Beneath the violence, swearing and fourth wall-breaking humour, the first Deadpool film had a very traditional origin story structure. Deadpool 2 almost doesn’t have enough of a structure, which some might argue suits the character. However, when the jokes take precedence over the story, the stakes are blunted and everything feels inconsequential. While the humour in the Guardians of the Galaxy films sometimes stepped on the emotional beats, those movies did a slightly better job in juggling the jokes and the heartfelt moments than Deadpool 2 does.

Brolin is an ideal Cable, and yes, we do get a line about how he doesn’t quite match the stature of the character in the comics. Brolin is shredded and plays a great straight man to Reynolds. Beetz has the kick-ass attitude that’s key to Domino, and after seeing her performance, it doesn’t matter the character doesn’t look like she’s usually drawn. The film is dedicated in memory of Sequana Harris, the Domino stunt double who died in an accident on set.

Leitch is no stranger to large-scale action set pieces and the central prison truck chase is staged with energy and finesse. A lot of the close-quarters combat looks great and the canvas has been increased from the first film. However, one character who is completely rendered in CGI looks incredibly awkward and difficult to buy as occupying the same space as the other characters.

Deadpool 2 strains to subvert expectations and deliver more of what everyone came for but suffers from a lack of focus. It’s all one big joke, as it should be, and on that level, Deadpool 2 is entertaining. It’s calibrated to reward fans who’ll catch all the references and whisper in their friends’ ears “Rob Liefeld, the artist who co-created Deadpool, is terrible at drawing feet”. However, as much as the movie wants to be shocking, the films winds up being pretty lightweight, enjoyable without making as much of an impact as it could have.

The mid-credits scene is an absolute hoot, but perhaps jokes about a certain entry in Reynolds’ filmography are wearing a little thin by now.

RATING: 3.5 out of 5 Stars

Jedd Jong

Avengers: Infinity War review

For inSing

AVENGERS: INFINITY WAR

Directors : Anthony and Joe Russo
Cast : Robert Downey Jr, Chris Hemsworth, Mark Ruffalo, Chris Evans, Scarlett Johansson, Benedict Cumberbatch, Don Cheadle, Tom Holland, Chadwick Boseman, Paul Bettany, Elizabeth Olsen, Anthony Mackie, Sebastian Stan, Tom Hiddleston, Idris Elba, Peter Dinklage, Benedict Wong, Chris Pratt, Zoe Saldana, Pom Klementieff, Karen Gillan, Dave Bautista, Vin Diesel, Bradley Cooper, Gwyneth Paltrow, Benicio del Toro, Josh Brolin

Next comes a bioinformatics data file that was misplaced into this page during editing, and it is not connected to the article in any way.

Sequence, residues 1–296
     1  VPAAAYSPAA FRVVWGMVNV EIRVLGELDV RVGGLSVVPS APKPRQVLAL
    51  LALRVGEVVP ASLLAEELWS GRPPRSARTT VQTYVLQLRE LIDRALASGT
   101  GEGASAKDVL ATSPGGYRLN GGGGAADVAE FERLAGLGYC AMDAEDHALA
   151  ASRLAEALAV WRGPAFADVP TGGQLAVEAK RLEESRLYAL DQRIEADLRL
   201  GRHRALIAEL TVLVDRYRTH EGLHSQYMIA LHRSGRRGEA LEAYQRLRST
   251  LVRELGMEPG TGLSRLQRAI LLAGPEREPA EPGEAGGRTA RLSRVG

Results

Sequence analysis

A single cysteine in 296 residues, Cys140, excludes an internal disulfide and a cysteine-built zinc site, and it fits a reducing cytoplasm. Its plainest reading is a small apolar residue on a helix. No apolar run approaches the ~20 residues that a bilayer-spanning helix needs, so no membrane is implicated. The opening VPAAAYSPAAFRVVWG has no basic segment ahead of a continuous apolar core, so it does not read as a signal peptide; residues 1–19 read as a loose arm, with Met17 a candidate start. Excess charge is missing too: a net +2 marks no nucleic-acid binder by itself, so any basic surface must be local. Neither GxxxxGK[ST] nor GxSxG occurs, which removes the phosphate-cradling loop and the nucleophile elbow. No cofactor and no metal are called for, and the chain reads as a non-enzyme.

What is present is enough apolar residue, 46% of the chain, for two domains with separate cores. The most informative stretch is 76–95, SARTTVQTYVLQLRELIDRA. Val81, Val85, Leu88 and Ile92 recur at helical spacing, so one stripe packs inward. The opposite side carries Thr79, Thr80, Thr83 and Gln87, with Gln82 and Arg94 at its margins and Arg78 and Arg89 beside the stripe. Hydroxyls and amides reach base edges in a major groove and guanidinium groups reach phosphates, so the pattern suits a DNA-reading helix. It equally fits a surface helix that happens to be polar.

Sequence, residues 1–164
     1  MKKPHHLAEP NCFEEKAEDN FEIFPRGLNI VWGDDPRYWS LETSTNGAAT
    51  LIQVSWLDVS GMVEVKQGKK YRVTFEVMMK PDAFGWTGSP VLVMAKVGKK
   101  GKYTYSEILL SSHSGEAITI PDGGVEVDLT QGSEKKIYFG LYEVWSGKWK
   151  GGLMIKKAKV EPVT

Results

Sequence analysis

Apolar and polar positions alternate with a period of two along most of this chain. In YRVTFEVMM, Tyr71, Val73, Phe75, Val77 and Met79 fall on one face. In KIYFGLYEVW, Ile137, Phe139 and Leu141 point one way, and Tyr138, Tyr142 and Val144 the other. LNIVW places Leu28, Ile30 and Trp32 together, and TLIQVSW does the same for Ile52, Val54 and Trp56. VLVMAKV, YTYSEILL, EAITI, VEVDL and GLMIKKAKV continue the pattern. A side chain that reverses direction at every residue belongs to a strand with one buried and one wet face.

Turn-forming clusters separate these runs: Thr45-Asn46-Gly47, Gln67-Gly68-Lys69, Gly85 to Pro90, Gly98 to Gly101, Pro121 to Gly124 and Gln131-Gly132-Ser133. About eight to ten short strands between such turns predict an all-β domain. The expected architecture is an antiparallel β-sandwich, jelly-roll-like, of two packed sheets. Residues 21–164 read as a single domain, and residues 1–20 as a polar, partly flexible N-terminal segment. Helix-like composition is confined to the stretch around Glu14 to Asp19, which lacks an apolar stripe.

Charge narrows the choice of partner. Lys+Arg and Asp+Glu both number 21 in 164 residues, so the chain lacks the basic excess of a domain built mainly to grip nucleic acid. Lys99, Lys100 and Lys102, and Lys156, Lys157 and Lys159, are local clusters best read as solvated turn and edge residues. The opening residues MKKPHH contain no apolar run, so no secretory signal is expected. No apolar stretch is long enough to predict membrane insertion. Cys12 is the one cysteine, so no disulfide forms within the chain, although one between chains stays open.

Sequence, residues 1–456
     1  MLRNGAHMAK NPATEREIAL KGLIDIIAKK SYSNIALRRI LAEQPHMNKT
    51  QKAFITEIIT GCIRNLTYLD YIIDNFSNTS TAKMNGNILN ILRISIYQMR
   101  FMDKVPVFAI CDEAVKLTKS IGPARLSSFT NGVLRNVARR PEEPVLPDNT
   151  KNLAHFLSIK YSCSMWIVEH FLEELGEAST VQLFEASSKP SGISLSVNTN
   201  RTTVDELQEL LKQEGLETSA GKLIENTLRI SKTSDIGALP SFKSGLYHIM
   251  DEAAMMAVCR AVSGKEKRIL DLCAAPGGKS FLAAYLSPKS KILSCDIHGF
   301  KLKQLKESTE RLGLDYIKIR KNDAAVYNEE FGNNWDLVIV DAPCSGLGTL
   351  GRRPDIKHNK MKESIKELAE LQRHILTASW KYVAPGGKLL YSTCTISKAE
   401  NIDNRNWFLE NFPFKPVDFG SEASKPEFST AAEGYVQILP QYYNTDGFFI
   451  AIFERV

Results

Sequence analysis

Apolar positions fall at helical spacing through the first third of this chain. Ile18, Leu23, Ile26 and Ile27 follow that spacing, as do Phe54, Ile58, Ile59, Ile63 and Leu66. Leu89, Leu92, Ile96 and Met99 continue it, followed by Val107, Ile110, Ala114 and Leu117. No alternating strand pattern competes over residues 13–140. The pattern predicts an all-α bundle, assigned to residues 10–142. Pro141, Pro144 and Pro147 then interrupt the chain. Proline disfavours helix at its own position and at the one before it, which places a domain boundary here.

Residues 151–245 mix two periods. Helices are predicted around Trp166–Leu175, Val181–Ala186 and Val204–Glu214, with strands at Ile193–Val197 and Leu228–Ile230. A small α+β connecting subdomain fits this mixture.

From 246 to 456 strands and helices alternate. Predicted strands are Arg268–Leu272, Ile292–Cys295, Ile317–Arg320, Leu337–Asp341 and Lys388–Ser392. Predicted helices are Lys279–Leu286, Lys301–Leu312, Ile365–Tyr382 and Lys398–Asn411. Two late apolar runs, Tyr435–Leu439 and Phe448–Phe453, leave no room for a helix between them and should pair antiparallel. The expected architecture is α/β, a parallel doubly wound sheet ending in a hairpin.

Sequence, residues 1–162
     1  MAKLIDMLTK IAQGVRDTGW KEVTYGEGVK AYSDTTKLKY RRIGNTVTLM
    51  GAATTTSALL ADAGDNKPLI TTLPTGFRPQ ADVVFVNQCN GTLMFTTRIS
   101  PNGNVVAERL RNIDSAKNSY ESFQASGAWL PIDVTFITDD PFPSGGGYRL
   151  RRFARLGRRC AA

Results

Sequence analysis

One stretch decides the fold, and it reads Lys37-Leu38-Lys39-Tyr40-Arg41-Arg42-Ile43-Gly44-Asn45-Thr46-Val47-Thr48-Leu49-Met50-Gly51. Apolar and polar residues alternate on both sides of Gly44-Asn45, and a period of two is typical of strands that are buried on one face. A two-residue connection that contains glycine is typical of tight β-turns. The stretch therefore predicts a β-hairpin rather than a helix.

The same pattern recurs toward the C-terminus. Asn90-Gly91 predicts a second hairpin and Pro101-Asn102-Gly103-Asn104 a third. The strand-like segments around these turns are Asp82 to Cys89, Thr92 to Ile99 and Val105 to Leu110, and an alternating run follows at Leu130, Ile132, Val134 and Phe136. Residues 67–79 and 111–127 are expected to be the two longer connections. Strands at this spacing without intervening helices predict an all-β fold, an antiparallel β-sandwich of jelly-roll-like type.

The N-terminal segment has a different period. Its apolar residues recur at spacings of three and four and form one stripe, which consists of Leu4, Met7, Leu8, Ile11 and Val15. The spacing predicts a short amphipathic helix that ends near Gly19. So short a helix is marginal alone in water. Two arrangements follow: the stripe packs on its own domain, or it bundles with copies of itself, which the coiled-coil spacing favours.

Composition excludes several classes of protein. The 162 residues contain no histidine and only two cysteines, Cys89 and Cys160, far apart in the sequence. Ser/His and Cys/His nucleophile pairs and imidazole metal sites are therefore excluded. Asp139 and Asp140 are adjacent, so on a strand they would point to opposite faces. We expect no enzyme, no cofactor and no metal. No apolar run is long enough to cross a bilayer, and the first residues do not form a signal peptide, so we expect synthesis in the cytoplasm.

Genre : Action/Comics
Run Time : 2h 29m
Opens : 25 April 2018
Rating : PG13

We’re going to do things a little differently.

Going into Avengers: Infinity War, you’ve been told to avoid spoilers like the plague, and yet, we want you to read this review, which will be spoiler-free.

This will be a review, and yet not a review. We’re hoping that you’ll read this, but if you don’t wanna, that’s fine.

We’ll say it up front: this is a particularly tricky movie to write a spoiler-free review of, but we’ll give it the best shot we’ve given anything.

Marvel has hyped Avengers: Infinity War as the most ambitious crossover event staged in entertainment media. They’re not wrong. No matter which way you look at this movie, it’s tricky to put together. It’s a puzzle with the pieces constantly moving.

Even with Captain America: The Winter Soldier and Captain America: Civil War under the Russo brothers’ belts, there are still many times during Infinity War when one is wont to wonder aloud “how did the guys from Arrested Development and Community get here?” This is a film with a sprawling scope, even for a genre which is all about scope. The Russo brothers, with the in-built support at Marvel Studios, do a commendable job of wrangling it all.

This reviewer would love to have been a fly on the wall while the Russo brothers and screenwriters Christopher Markus and Stephen McFeely were hammering this out. Imagine all the iterations, all the bits and pieces that maybe didn’t quite work, before we got here.

This year marks the tenth anniversary of the Marvel Cinematic Universe. A studio hasn’t quite been able to announce to the audience “right, you should’ve seen all 18 of these movies, or at least most of them, before you watch this. Off you go, then.” Not even long-running franchises like the Bond movies, Star Wars, or Harry Potter can really demand that, and know that most audiences would have fulfilled that demand. There’s a swaggering confidence about Infinity War, and yet it’s not off-putting or self-congratulatory. If anything, Marvel Studios is deliberately making things really difficult for themselves going forward.